The Last Smoker in America is a rock musical set in a dystopian future in which political correctness has run utterly amuck. Smoking has been banned, the CEO’s of the tobacco companies have all been taken out and shot, and anyone caught smoking a ciggy will be locked up in Smokers’ Prison for the rest of their lives… for their own good. Read More...
Selections from The Last Smoker in America
Smoker is a musical farce, a slightly psychotic portrait of a deeply dysfunctional family. The New York audiences loved it during its 2012 Off-Broadway run. The blogosphere loved it, too. My mother… kind of loved it, but didn’t really get “If It Feels This Good It Must Be Bad,” a song that takes place during the course of a simulated sexual encounter that somehow involved a snorkel and a can of PAM Cooking Spray.
What Mom flipped over was the New York Times review, which included the statement, “Peter Melnick’s pop-rock score is terrific, with multiple catchy melodies that will stick in your head like peanut butter.” She thought that was pretty swell, and sent me a case of Skippy’s Extra Chunky Peanut Butter to celebrate. (Really cool gesture - thanks, Ma - but six years later, I still haven’t made much of a dent in the peanut butter supply.) More important, the Smoker cast recording would not have been recorded without Linda Emory’s financial contribution, for which I am truly thankful.
August 2, 2012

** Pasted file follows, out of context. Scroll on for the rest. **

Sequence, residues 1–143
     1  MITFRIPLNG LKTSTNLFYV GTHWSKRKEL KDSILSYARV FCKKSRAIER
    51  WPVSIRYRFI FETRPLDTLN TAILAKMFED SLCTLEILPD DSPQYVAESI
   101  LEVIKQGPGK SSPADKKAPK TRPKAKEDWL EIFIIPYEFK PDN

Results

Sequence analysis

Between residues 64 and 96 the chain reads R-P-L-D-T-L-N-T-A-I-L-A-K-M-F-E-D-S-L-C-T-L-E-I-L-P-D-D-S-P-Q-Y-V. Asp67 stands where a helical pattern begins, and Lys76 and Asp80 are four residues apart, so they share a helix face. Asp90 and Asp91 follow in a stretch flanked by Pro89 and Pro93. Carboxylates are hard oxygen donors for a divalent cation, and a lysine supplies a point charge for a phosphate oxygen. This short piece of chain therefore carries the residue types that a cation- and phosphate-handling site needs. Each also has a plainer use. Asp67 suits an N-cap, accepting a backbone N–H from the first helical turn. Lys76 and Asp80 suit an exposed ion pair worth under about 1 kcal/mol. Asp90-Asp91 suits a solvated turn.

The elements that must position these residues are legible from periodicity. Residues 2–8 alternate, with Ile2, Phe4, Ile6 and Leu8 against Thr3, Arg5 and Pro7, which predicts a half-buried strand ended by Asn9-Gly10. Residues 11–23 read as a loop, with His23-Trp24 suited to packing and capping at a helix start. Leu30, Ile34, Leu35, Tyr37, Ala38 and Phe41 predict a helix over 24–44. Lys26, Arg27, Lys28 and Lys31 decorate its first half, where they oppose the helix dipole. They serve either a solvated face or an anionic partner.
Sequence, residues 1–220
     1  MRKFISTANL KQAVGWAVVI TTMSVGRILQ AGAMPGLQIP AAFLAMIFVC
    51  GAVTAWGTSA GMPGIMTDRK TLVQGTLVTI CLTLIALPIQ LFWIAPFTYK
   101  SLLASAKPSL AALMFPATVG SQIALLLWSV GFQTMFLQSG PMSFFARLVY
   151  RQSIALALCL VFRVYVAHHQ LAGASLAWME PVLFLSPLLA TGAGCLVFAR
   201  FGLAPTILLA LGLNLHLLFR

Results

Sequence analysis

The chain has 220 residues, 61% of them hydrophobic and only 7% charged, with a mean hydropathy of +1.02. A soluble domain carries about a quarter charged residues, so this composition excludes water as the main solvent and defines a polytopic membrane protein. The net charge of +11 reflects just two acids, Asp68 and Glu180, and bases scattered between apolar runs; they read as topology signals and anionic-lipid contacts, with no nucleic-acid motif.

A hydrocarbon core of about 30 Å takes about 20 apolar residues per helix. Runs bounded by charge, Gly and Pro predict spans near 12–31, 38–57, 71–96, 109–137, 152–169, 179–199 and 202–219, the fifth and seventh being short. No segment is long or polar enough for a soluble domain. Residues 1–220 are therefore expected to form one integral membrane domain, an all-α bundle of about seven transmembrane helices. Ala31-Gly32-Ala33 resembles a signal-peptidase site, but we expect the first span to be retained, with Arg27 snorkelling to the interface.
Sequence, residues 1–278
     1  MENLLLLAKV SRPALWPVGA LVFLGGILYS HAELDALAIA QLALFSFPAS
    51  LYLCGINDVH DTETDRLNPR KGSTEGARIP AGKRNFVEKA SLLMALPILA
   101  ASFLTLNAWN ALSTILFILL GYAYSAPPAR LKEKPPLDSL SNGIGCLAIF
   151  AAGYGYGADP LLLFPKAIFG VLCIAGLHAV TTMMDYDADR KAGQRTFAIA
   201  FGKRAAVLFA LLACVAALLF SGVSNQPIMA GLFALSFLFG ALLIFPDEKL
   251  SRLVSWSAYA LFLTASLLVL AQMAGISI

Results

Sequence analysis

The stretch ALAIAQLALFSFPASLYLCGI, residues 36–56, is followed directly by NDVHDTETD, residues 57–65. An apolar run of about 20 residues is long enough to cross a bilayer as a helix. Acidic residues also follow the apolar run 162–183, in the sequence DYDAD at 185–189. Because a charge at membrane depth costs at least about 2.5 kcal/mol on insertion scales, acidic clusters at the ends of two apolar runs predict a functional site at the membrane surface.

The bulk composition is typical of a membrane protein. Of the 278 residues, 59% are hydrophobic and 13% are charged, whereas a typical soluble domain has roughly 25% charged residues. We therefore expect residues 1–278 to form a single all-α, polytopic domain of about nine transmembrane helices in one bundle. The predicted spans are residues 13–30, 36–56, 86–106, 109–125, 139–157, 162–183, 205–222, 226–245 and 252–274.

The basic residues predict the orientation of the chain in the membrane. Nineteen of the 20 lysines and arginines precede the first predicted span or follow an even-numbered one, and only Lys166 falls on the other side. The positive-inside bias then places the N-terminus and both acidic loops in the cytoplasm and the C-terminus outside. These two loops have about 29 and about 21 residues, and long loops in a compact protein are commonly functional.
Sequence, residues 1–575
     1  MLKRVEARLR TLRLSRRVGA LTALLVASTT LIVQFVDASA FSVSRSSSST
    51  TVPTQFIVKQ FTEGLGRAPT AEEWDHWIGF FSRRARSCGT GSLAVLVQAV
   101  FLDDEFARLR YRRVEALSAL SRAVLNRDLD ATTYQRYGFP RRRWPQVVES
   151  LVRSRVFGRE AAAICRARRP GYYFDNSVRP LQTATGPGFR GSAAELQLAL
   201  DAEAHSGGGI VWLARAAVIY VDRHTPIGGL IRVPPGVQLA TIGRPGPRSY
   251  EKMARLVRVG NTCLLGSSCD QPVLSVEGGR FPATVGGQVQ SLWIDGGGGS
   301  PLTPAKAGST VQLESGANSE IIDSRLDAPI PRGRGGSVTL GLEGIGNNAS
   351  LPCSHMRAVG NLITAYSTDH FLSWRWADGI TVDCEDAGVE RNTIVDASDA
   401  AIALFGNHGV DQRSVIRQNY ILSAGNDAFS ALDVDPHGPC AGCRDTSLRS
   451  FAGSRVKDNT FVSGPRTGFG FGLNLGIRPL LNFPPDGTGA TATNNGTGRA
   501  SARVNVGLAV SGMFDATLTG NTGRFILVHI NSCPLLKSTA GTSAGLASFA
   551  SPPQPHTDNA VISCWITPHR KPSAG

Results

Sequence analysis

The Westside Theatre
Producers: Andy Sandberg, Whitney Hoagland Edwards, Michael Palitz, and Stephanie Rosenberg
Book and lyrics by Bill Russell
Music by Peter Melnick
Directed by Andy Sandberg
Music direction, arrangements and orchestration: Fred Lassen
Choreography: AC Ciulla
Sets: Charlie Corcoran
Lighting: Jeff Croiter and Grant Yaeger
Sound: Bart Fassbinder
Production Stage Manager: Pamela Eddington
Ernie - John Bolton
Pam - Farah Alvin
Jimmy - Jake Boyd
Phyllis - Natalie Venetia Belcon
The Last Smoker in America has the spark of a smokin’-hot new musical… Peter Melnick’s pop-rock score is terrific, with multiple catchy melodies that will stick in your head like peanut butter. Bill Russell’s lyrics have their moments too, particularly in the deliciously tasteless songs “If It Feels This Good” and “I Wanna Call You.”
– Catherine Rampell, The New York Times
Russell has an ear for a quick one-liner and Melnick's gifts as a composer are considerable. When Russell's book settles into a sort of genial sitcom mode, it actually can be charming, and Melnick has turned out a couple of lovely ballads, particularly "You're the Only Friend I've Got," in which all of the characters pay tribute to their respective addictions.
– Andy Probst, TheaterMania
George S. Kaufman once responded with, when asked the definition of a satire, “Satire is what closes on Saturday night.” Well, I have news for George. If the audience’s response last Saturday to The Last Smoker in America was any indication, this often hilarious socio-political satirical musical farce (yes, it’s all of that) should be around for many Saturday nights to come. Give or take a few breathers, this is a deliriously absurdist romp into the future as (scarily) imagined by collaborators Bill Russell (book and lyrics) and Peter Melnick (music). The songs are bright, the lyrics are goofy and the story is nutty.
Russell, whose excellent book for the provocative Side Show earned him a Tony nomination has a compatible collaborator in shared lunacy with Melnick, who composed the Drama Desk-nominated score for the Off Broadway musical Adrift in Macao. With obvious relish, they have written a show that ridicules over-zealous government intervention in our lives and its effect on an already dysfunctional family.
– Elyse Sommer, Curtain Up
A freedom-loving musical! If critics get insulted, then the musical has proven its point: America’s just way too uptight!
– Entertainment Weekly
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